Ivan the adopted me into his circle of friends. I got introduced to his girlfriend, Aneta. Both of them had been together on a trip to California and were happy to talk to me about it. It sounds like they had a good time. Both Ivan and Aneta's English was great so communication wasn't a problem.

I also met a man whose last name in Czech means 'cake' so I called him just "Mr. Cake" - he is a local taxi driver but sadly doesn't speak any English. There were a lot of other very nice people I met (including a lady who does massage and worked on my arms) but I didn't get all of their names down. [Note, his actual name is Mr.. Buchta.]

There are about 20 total wine makers within the Czech Republic. I think it was interesting to see my first wine making and storage facility. Later, Ivan consented to show the same thing to my friends. More description follows when we get to that part of the story...



TRAVELER'S TIP

I call this one the Czech swap though it might work or be needed in other countries. I found that at the wine festival, if I drained my glass it would get filled with more wine. Drinking water (especially with wine) is crucial. Here's a tactic I found worked. When you've got a small amount (but still respectable) left in the glass, grab the water pitcher. Down the last bit of wine and in one smooth motion refill your glass with water. This may confuse some of the locals who might wonder what happened to your wine but just smile and nod at them.



ON WITH THE TOWN OF RABBITS

I felt like I was seeing more of the Czech Republic in the couple of hours in this village than I did in the tourist infested streets of Prague.

It's the people. It's always all about the people.

At this party, they had a twelve piece band - I'm not kidding. About half were violinists, a cello, a big dulcimer, and some woodwind instruments. Something that struck me as interesting about the band - none of them (I would guess) was above thirty years old. Usually, bands that play the 'old songs' are made up of 'old people' - not so here. [Note: A dulcimer is a big table like thing with strings on it that the person playing it hits with two small strange drumsticks.]

The band was playing the 'old songs' which, sadly I had no clue of the words to. I was told that all of the songs were either about wine or love. I told one of my hosts that they often went together. This got hearty agreement.

This was a really nice time out for everyone. I know it sounds trite, but I saw literally all ages from toddler to ancient having a very nice time. Rather than trying to show what rebellious badasses they were, a lot of the 15-25 year olds were doing the same thing as everyone else and having a great time.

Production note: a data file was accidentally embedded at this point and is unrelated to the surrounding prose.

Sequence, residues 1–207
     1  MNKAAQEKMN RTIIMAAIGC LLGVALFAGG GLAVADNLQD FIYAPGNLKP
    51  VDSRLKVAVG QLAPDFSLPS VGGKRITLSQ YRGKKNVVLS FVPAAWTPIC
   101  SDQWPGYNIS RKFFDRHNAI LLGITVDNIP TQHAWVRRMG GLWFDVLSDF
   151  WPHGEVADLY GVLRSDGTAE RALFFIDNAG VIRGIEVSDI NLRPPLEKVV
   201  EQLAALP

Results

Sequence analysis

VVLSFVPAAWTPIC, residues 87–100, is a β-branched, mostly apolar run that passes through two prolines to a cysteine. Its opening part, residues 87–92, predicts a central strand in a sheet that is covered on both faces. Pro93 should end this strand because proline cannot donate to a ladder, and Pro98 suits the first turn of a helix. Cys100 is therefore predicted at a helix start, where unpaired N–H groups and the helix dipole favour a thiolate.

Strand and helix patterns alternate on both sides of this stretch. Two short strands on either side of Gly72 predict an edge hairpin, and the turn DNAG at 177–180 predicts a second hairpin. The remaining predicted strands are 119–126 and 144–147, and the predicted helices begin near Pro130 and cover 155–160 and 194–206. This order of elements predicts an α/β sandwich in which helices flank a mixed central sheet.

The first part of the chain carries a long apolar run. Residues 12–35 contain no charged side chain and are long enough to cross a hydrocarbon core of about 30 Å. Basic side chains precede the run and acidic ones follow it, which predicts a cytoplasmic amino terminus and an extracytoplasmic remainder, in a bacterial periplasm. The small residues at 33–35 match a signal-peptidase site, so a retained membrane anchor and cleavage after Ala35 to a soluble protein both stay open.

I got offered the last room in the inn the party was at three different times. [Yes, I would have been paying for it but I think it was very nice of them to offer.] Old men I don't know have taken to refilling my glass if it gets low so I'm nursing the wine really slowly.

Whenever the band goes on break, the locals take up the singing - whether they know the words or not. I was hanging out with the locals while the others were wandering around touring the village. I figure in just avoiding the touring part, I'm a winner. Unfortunately Margaret had to go do her Lent stuff so she took off early but the others are still somewhere around. One of the old men who keeps refilling my glass seems to be wanting me to get married to the lead violinist. For reasons I can't figure out, Ivan gives me his keys to hold onto. These are a very trusting folk. So, I retreated, drank water, observed and wrote. During the music, the crowd does many of the same 'whooping noises' heard during Mexican music. I found that interesting. A lot of the music has a very 'gypsy' feel to it. Some of the music is Czech - some is Slovak. Julius (who is Slovak) told me that all of the interesting fast paced music is Slovak while the slow (and as he put it) boring stuff is Czech.

From the treatment I got, I might have been the first American (and Pete the first Australian) to ever visit that village. I felt a bit surprised because other people kept pointing me out to their friends. There were no signs of cops or bouncers around - just everyone having a good time.

Who the hell would have thought back when I was in the states bored out of my mind doing movie reviews that I'd end up sitting at a shindig in the 'village of rabbits' having a great time? I really didn't see that one coming.

We got invited by Ivan to go with him and a bunch of other people to another winery for more late night partying but some of my friends were tired and wanted to get back to Brno to go to sleep. So, the group got together and we had the next exciting challenge to go.

Remember the 2KM death march we had with the little used road? It was all still ahead of us though we were a bit drunk. Some, more than a bit. Unlike in America, the road was completely unlit and it wasn't a particularly bright night. Being from around here, they all wanted to walk it. A dark road, miles from anything at night.

With traffic.